The SEE staff will be commissioned to take a caring but not controlling interest in social life of the students—helping to moderate the obnoxious, and bring out the quite and timid students. A conscious effort will be made to maintain a family atmosphere where nobody is left out.

Required Christian Core

All students will be required to take Bible classes appropriate for their year of attendance. These classes emphasize reading the Bible and understanding what it says. They will avoid the common errors of “traditional Christianity”, but there would not be a specific attempt to teach the doctrines of any one church organization. Students will be tested on their Bible knowledge, just as other subjects include tests.

All students will be required to attend weekly assemblies to hear speakers from within and without SEE. These meetings of everyone help to build a family atmosphere. An effort would be made to expose the students to a wide variety of Christian work.

Students will also be required to spend a few hours per week in some aspect of Christian ministry: visiting shut-ins, helping the needy, teaching children, answering Internet Bible questions, etc.

In their second year at SEE, students will be required to take a class on Christianity and today’s law. As the apostle Paul knew his rights under Roman Law and used them for the furtherance of the Gospel, so today Christians should know rights under current law and use them for the furtherance of the gospel. The ministry of Jesus and the apostles was so powerful that the civil authorities feared that they would lose control and tried to stop their preaching by unjustly persecuted them (John 11:48; Acts 4:16–21)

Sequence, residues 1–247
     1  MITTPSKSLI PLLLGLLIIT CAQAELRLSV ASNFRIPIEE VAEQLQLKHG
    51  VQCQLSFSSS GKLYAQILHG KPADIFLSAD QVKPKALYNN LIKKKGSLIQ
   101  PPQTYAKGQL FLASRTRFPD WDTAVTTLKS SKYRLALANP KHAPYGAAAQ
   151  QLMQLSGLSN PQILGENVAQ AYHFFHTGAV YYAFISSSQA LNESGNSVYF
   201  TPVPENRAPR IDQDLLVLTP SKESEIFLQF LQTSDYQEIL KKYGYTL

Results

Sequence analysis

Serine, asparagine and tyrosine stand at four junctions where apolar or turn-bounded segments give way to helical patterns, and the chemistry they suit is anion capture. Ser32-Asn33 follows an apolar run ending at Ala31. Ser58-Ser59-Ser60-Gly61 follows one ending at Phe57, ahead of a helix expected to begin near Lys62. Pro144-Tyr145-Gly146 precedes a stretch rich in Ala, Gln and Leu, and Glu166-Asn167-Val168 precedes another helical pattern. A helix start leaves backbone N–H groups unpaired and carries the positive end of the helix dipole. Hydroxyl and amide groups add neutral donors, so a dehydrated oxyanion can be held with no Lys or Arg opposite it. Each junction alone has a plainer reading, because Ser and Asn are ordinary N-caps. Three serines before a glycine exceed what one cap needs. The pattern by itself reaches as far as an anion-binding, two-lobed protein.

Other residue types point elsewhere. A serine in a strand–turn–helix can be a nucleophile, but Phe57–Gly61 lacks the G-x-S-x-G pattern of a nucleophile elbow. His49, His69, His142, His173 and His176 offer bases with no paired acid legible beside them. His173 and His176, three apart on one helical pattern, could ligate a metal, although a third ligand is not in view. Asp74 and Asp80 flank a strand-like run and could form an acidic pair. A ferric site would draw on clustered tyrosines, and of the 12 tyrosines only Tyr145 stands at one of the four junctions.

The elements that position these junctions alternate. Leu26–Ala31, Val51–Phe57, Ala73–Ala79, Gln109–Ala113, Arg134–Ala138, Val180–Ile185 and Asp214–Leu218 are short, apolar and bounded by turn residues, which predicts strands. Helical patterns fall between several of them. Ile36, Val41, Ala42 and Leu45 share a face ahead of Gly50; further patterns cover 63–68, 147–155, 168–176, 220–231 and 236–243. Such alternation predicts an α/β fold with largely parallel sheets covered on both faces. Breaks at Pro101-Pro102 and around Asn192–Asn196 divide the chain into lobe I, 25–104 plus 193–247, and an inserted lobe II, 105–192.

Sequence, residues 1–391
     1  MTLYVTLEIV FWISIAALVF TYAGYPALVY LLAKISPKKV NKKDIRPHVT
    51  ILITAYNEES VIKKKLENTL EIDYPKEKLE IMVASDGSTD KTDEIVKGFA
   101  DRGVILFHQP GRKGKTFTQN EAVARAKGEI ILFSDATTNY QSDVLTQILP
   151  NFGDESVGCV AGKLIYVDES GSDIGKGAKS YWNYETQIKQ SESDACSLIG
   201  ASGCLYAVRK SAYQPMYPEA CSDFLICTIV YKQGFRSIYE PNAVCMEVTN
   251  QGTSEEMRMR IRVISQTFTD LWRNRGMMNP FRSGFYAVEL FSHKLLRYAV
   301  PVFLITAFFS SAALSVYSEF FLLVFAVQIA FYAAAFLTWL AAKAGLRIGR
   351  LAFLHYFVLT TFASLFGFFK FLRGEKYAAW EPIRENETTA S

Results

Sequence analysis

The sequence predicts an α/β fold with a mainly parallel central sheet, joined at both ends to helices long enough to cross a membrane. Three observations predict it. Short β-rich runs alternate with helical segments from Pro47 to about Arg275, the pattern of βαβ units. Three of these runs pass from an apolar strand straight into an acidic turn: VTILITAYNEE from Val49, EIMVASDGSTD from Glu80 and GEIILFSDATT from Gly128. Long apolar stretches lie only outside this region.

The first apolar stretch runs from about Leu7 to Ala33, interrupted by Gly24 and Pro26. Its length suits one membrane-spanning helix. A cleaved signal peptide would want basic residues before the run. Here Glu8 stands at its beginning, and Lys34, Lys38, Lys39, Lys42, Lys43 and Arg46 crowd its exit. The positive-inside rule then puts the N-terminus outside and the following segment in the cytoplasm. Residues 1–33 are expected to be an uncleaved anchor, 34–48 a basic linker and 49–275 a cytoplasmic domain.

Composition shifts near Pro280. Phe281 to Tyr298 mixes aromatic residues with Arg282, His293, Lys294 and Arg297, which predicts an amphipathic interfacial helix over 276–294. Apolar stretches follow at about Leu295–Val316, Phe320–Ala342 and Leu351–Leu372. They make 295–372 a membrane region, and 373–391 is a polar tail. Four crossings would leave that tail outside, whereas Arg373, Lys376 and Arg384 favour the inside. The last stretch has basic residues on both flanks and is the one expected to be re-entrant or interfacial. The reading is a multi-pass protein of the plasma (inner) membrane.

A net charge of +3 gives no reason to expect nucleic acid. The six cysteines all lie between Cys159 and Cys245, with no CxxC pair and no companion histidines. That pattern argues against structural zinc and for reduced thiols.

Students will learn about the laws and court decisions regarding how and where Bible studies can be held—school, workplace, home and elsewhere. The paperwork aspects of how to organize a local ministry will also be discussed. It is not expected that students will immediately leave college and begin organizing Bible studies and local ministries—though some might. The goal is to teach these issues that are otherwise seldom taught, so they can help other older church leaders do it, or so they will know how to do it as they grow into church leadership positions.

A Certificate of Christian Ministry will be given to everyone who completes their program. The biblical meaning of “ministry” is simply “service”—not necessarily implying a leadership role. From a legal perspective, this will clearly make SEE an ecclesiastical institution, protected by the First Amendment.

Everybody Works

Students will also be required to spend several hours per week working. The work will help reduce the costs of SEE, but will also serve the important need of teaching young people to be on the “doing” side of things, rather than just “watching” or “receiving”. The goal of SEE will be to provide enough work that a student with very minimal resources will be able to enter the program and work his/her way through. Three separate areas of work are possible: